A single crescent moon is a familiar sight in Earth’s sky, but with Saturn’s many moons, you can see three or even more.
The three moons shown here — Titan (3,200 miles or 5,150 kilometers across), Mimas (246 miles or 396 kilometers across), and Rhea (949 miles or 1,527 kilometers across) — show marked contrasts. Titan, the largest moon in this image, appears fuzzy because we only see its cloud layers. And because Titan’s atmosphere refracts light around the moon, its crescent “wraps” just a little further around the moon than it would on an airless body. Rhea (upper left) appears rough because its icy surface is heavily cratered. And a close inspection of Mimas (center bottom), though difficult to see at this scale, shows surface irregularities due to its own violent history.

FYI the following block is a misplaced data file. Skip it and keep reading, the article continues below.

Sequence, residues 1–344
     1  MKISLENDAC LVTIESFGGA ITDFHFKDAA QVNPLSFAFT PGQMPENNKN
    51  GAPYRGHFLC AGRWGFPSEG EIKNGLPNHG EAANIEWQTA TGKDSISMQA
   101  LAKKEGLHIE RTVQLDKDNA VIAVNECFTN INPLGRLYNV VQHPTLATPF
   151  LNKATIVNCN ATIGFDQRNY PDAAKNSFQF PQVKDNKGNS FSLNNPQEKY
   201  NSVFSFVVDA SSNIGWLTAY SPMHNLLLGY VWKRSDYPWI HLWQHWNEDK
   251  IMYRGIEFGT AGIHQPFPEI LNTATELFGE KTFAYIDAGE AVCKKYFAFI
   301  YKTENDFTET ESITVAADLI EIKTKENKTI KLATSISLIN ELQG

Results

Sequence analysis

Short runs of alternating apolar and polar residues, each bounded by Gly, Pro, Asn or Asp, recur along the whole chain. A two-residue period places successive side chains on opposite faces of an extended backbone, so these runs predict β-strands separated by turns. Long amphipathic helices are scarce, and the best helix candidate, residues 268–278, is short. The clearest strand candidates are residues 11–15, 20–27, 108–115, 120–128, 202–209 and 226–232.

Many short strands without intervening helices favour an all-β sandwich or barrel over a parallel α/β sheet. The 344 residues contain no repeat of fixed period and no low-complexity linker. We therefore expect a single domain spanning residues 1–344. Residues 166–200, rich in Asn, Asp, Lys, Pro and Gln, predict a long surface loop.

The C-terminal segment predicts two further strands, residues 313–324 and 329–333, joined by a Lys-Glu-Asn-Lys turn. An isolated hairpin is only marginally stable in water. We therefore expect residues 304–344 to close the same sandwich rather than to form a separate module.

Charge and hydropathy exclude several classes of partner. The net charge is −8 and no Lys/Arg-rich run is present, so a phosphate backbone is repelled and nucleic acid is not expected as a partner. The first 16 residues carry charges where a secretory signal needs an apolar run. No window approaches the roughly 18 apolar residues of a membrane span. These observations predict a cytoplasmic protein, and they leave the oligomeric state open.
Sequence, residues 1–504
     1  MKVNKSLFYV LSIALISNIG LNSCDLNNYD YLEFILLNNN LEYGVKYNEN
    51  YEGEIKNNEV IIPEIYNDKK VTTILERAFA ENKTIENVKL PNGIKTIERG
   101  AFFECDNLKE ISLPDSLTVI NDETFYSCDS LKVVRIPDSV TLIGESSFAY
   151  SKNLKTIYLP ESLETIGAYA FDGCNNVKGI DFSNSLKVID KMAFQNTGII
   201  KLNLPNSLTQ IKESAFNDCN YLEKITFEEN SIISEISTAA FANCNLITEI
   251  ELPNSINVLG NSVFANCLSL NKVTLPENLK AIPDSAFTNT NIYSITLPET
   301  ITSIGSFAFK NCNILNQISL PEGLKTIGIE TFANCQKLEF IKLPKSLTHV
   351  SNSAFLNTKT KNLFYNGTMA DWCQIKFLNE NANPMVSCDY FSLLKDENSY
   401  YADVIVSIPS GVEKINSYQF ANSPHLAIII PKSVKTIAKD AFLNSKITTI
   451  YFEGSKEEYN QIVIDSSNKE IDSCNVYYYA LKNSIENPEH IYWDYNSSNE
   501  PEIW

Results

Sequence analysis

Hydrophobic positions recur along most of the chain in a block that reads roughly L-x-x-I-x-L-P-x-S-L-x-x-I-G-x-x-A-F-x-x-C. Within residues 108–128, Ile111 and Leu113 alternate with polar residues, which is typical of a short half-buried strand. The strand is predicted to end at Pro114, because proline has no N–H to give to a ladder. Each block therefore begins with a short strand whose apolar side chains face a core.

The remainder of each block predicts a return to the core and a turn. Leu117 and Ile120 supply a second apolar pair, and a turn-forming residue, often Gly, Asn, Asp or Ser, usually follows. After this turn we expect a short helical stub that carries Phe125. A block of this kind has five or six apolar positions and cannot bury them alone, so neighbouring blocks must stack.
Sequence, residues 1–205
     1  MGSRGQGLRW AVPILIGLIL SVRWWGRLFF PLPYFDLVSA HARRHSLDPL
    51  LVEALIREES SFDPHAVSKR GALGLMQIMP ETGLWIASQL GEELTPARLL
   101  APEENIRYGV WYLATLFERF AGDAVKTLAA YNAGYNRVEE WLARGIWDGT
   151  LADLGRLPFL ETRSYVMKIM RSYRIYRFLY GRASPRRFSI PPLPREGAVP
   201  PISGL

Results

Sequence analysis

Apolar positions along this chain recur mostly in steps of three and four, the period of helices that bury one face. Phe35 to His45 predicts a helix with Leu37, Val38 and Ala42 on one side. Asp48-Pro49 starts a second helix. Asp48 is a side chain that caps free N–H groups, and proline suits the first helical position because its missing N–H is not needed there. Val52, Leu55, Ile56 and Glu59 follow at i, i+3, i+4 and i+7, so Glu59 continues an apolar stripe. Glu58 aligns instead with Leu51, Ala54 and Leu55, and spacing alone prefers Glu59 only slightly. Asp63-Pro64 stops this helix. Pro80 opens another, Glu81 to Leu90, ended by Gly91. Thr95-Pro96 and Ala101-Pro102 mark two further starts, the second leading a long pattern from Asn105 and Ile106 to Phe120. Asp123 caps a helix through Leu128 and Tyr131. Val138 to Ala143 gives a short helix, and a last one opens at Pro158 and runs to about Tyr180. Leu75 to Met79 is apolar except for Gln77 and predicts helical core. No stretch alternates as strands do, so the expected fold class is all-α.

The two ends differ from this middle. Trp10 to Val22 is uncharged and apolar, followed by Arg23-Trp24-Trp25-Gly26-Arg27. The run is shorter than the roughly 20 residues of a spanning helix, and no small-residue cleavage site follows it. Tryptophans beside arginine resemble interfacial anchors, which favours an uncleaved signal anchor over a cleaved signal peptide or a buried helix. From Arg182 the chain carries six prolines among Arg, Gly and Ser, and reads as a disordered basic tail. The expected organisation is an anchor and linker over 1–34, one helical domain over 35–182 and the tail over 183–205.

This view looks toward the anti-Saturn hemisphere of Titan. North on Titan is up. The image was taken in visible light with the Cassini spacecraft narrow-angle camera on March 25, 2015.
Credit: NASA/JPL-Caltech/Space Science Institute
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